The gut transit of T4 phages was studied in axenic mice mono-colonized with the non-pathogenic Escherichia coli strain K-12. Thirty minutes, 1 and 2 h after phage feeding, T4 phage had reached the jejunum, ileum and cecum, respectively. Phage was found in the lumen and was also associated with the mucosa. One day later no phage was detected in the feces. Compared to germ-free control animals, oral T4 phage led to a 300-fold higher fecal phage titer in mice mono-colonized with E. coli strain WG-5. The in vivo T4 phage replication was transient and reached peak fecal titers about 8 h after oral phage application followed by a rapid titer decrease over two days. Similar data were obtained in mice colonized with E. coli strain Nissle. In contrast, orally applied T7 phage experienced a massive and sustained in vivo replication in mice mono-colonized with E. coli strain WG-5 irrespective whether phage or E. coli host was applied first. T7 phage replication occurred mainly in the large intestine. High titers of T7 phage and high E. coli cell counts coexisted in the feces. The observation of only 20% T7 phage-resistant fecal E. coli colonies suggests a refuge model where phage-sensitive E. coli cells are physically or physiologically protected from phage infection in the gut. The difference between T7 and T4 with respect to gut replication might partly reflect their distinct in vitro capacity to replicate on slowly growing cells.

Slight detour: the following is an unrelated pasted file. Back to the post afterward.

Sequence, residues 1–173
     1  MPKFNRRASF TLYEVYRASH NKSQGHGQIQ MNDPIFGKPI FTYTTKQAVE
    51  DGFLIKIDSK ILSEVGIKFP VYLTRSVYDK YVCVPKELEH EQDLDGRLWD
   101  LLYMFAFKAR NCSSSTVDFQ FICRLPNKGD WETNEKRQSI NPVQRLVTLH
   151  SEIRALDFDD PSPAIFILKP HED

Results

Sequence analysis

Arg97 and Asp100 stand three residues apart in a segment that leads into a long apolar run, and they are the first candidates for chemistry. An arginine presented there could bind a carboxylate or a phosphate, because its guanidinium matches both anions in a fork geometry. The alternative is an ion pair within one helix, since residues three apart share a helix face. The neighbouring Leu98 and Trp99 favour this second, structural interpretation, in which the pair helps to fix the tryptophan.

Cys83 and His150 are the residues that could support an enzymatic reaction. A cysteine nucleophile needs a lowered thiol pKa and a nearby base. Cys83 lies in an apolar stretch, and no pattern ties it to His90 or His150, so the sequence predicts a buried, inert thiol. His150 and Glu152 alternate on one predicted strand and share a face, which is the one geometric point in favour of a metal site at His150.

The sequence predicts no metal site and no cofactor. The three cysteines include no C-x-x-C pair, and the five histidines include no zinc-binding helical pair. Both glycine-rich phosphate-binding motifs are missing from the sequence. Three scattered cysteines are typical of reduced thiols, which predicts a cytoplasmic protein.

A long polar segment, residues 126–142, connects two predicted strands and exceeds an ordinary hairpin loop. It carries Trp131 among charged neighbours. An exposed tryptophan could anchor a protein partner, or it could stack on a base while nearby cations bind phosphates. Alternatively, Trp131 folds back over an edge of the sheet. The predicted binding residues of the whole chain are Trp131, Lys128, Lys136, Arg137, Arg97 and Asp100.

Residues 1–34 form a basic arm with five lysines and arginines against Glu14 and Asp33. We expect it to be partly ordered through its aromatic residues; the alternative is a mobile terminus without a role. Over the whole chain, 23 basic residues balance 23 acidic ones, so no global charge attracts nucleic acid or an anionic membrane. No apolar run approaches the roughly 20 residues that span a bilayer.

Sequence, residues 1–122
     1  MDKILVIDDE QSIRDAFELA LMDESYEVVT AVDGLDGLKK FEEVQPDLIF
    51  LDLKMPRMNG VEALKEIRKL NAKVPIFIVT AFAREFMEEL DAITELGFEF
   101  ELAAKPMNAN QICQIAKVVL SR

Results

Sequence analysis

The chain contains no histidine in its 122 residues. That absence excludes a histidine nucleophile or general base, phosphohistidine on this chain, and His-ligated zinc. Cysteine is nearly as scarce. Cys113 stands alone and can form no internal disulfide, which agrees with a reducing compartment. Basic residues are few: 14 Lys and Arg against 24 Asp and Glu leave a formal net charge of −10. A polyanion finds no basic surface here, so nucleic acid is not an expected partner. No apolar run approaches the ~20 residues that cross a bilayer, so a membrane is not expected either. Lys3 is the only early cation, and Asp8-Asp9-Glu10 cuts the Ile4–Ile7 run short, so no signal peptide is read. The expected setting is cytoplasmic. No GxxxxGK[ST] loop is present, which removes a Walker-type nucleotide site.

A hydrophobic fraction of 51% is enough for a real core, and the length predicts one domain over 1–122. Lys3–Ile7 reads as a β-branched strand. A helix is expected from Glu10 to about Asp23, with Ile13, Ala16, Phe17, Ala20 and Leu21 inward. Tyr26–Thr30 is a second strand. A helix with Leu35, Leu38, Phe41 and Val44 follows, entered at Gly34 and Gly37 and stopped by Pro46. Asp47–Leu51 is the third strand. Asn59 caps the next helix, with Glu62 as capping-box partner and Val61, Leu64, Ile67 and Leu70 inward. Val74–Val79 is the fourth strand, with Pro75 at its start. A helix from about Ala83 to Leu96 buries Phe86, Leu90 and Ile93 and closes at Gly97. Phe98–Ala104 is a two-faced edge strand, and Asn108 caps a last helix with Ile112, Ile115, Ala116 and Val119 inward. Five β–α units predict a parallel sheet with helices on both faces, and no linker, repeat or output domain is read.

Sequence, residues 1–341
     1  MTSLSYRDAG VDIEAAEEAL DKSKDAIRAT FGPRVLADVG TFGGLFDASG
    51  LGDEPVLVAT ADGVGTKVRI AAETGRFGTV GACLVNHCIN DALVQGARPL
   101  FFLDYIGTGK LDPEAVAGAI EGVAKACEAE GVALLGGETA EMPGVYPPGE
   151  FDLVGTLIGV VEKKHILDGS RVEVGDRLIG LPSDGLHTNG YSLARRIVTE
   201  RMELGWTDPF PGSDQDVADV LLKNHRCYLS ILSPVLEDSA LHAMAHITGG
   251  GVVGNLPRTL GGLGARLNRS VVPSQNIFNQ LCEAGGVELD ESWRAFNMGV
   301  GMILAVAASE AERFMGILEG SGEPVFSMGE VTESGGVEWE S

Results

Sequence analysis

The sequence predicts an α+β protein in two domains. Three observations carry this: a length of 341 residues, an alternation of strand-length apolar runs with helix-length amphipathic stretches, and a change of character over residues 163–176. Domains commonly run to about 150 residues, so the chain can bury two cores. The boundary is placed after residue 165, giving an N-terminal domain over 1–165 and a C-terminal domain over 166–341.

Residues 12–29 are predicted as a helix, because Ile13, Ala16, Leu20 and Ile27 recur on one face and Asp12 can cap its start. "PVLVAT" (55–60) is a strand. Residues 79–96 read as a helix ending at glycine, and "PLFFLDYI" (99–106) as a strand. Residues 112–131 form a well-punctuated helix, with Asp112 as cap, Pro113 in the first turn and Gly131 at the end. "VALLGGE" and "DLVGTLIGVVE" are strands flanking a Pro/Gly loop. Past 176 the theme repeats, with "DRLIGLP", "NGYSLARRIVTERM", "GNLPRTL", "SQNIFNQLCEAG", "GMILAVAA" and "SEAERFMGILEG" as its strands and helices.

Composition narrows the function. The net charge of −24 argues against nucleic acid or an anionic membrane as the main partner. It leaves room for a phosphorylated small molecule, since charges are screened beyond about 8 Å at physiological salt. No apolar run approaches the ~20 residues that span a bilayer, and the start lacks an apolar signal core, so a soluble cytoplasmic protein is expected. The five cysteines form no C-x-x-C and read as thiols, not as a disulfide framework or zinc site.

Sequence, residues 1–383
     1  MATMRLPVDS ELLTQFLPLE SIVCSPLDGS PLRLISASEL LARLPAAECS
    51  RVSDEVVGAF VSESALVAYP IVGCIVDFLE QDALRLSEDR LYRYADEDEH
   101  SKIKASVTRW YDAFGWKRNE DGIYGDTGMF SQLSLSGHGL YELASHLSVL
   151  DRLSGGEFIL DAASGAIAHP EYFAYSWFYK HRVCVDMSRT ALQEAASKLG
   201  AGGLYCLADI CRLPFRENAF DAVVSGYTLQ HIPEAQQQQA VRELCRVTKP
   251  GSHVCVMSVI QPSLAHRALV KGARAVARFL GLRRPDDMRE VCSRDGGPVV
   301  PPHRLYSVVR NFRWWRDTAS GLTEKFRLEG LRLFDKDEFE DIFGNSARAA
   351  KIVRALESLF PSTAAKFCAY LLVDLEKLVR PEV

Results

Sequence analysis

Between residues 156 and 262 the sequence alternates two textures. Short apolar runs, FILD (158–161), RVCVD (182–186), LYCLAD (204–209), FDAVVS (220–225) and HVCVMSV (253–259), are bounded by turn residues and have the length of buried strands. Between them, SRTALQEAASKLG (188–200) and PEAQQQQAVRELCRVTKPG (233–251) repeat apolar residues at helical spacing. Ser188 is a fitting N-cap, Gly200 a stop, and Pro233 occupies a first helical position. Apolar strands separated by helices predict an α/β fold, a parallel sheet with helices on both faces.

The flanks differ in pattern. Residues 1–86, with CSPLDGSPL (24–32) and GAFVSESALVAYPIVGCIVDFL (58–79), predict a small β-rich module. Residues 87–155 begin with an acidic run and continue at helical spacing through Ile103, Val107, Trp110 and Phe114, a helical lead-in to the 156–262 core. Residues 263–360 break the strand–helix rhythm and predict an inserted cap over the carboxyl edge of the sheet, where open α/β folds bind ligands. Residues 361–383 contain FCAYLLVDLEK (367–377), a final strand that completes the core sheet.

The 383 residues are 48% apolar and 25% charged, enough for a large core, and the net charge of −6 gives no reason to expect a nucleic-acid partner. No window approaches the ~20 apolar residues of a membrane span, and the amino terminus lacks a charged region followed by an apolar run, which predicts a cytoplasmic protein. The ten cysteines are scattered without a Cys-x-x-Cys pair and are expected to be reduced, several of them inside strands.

- Escherichia coli
- T4 and T7 phage